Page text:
Why Do You Make Us Feel Good? (or Bad)

Why Do You Make Us Feel Good? (or Bad)

Why Do You Make Us Feel Good? (or Bad)

Research has been able to show that people consistently make others feel a certain way, for example happy or stressed. Psychologists have named this affective presence.

While affective presence has been identified little detail is known about exactly how it works and in what situations.

But new research aimed to examine how affective presence would influence romantic interest in in people, specifically the study aimed to consider:

(i) whether affective presence influences others’ romantic interest in a person

(ii) what types of people have positive and negative affective presence

To help the researchers understand this affect they recruited 20 men and 20 women and asked them to complete several questionnaires before attending a speed-dating event.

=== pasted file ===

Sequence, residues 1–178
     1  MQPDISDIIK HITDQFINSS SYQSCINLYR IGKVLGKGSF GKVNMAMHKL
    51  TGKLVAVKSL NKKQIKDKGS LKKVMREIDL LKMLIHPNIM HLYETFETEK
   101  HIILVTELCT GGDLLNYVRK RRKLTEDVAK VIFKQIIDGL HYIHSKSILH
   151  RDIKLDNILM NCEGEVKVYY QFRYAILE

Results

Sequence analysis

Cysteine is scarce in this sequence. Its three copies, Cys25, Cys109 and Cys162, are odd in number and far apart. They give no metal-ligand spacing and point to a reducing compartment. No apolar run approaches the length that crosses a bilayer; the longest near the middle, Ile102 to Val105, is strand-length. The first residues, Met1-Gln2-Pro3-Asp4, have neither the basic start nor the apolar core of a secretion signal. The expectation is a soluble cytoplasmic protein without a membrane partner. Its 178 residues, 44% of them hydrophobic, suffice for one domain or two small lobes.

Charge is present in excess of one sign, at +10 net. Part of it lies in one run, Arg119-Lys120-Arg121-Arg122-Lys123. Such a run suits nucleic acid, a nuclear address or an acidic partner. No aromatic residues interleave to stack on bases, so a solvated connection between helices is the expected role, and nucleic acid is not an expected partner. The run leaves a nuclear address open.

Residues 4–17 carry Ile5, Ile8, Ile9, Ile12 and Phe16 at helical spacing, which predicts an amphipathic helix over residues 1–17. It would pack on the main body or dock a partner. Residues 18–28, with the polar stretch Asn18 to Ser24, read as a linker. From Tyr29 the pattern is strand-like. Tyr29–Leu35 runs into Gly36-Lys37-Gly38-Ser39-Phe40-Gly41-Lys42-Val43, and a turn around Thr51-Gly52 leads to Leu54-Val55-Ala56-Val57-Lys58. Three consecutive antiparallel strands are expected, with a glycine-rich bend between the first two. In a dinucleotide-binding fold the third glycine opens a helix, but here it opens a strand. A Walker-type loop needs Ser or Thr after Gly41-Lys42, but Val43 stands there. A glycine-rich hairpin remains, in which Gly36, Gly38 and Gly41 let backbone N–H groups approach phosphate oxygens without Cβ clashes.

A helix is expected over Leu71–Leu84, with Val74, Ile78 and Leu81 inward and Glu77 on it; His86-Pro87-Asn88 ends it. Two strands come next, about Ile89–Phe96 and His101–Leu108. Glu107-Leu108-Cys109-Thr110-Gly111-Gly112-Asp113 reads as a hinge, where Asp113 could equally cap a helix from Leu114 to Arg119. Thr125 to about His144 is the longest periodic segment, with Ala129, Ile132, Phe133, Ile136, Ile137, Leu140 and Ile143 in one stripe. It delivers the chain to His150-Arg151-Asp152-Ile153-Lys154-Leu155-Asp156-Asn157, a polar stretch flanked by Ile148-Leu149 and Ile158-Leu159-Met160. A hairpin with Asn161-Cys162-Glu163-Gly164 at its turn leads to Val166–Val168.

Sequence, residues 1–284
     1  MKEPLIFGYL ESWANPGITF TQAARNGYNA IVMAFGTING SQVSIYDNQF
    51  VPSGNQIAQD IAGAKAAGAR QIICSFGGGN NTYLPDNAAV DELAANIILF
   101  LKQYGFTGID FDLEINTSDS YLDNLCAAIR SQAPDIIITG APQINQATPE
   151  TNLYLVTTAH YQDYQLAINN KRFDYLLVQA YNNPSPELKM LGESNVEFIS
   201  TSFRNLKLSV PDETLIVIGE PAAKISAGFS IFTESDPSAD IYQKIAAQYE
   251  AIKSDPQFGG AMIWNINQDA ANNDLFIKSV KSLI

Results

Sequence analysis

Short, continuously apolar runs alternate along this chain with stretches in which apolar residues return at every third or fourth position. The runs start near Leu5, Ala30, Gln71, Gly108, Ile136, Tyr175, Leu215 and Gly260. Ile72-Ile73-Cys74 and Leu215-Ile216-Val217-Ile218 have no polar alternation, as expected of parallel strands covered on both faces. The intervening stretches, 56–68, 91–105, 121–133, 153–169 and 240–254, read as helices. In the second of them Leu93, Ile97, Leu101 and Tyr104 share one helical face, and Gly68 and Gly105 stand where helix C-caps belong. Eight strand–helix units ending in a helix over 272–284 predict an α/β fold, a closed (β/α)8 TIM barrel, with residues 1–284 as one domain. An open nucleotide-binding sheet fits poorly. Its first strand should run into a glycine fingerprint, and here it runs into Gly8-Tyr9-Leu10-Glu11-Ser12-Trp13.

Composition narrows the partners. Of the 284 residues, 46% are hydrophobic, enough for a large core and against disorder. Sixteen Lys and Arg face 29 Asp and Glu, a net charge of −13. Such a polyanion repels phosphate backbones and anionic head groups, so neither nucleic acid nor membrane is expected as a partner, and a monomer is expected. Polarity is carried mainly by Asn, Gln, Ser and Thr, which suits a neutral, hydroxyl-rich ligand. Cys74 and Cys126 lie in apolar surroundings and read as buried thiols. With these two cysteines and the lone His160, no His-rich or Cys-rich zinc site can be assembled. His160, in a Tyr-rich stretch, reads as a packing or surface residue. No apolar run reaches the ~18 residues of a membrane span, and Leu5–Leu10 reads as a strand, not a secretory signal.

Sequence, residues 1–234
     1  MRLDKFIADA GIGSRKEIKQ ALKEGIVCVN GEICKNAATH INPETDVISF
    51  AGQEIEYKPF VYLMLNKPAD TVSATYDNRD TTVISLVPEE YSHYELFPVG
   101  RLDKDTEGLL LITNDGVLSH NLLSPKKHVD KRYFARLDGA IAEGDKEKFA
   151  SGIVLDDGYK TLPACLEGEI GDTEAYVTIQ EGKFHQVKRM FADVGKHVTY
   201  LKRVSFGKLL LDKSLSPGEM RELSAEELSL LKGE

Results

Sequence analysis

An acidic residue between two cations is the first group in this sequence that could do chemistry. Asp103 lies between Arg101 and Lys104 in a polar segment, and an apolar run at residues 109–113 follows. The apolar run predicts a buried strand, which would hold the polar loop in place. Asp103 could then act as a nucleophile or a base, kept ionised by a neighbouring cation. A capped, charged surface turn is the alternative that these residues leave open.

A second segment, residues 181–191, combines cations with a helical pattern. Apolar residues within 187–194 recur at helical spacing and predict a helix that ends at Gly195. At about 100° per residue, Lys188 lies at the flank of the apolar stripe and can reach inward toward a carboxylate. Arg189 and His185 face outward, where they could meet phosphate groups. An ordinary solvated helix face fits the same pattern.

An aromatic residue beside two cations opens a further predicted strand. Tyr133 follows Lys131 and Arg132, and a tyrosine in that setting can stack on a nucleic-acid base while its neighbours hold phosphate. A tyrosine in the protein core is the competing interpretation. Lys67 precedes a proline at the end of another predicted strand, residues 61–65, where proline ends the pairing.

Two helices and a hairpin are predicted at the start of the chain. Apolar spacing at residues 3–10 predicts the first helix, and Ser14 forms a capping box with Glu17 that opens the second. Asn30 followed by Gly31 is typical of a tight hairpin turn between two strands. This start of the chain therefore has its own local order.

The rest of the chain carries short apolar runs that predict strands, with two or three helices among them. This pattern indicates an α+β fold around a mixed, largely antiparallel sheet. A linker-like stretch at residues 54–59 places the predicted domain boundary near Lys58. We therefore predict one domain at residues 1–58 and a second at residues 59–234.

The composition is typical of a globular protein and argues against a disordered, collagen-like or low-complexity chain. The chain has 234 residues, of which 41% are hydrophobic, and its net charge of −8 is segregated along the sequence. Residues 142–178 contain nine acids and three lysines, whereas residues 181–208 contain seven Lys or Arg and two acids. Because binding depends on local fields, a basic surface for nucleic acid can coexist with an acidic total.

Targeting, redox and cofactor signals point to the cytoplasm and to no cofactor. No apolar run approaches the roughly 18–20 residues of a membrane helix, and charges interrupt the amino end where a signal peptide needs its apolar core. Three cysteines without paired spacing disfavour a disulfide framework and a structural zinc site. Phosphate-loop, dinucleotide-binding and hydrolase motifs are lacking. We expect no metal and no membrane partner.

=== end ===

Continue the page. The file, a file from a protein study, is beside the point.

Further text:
The researchers considered measures such as emotional regulation, attachment style, responsiveness and romantic interest.

At the end of the study the participants completed a end-of-event questionnaire. Once the researchers had collated all of the data they found several things:

Firstly, building on prior work on emotion and attraction, our findings suggest that affective presence is an important predictor of romantic interest.

The data showed that people with the greatest positive affective presence (those who appeared happier and more positive) were more likely to get a second date.

Positive emotion was seen as an important social function for promoting romantic attraction.

The study also found that people with emotional skill and dispositions to improve their own emotions and understand others emotions were more likely to make others feel positive emotions.

So from this study it appears that positive affect is a significant factor in finding a romantic partner.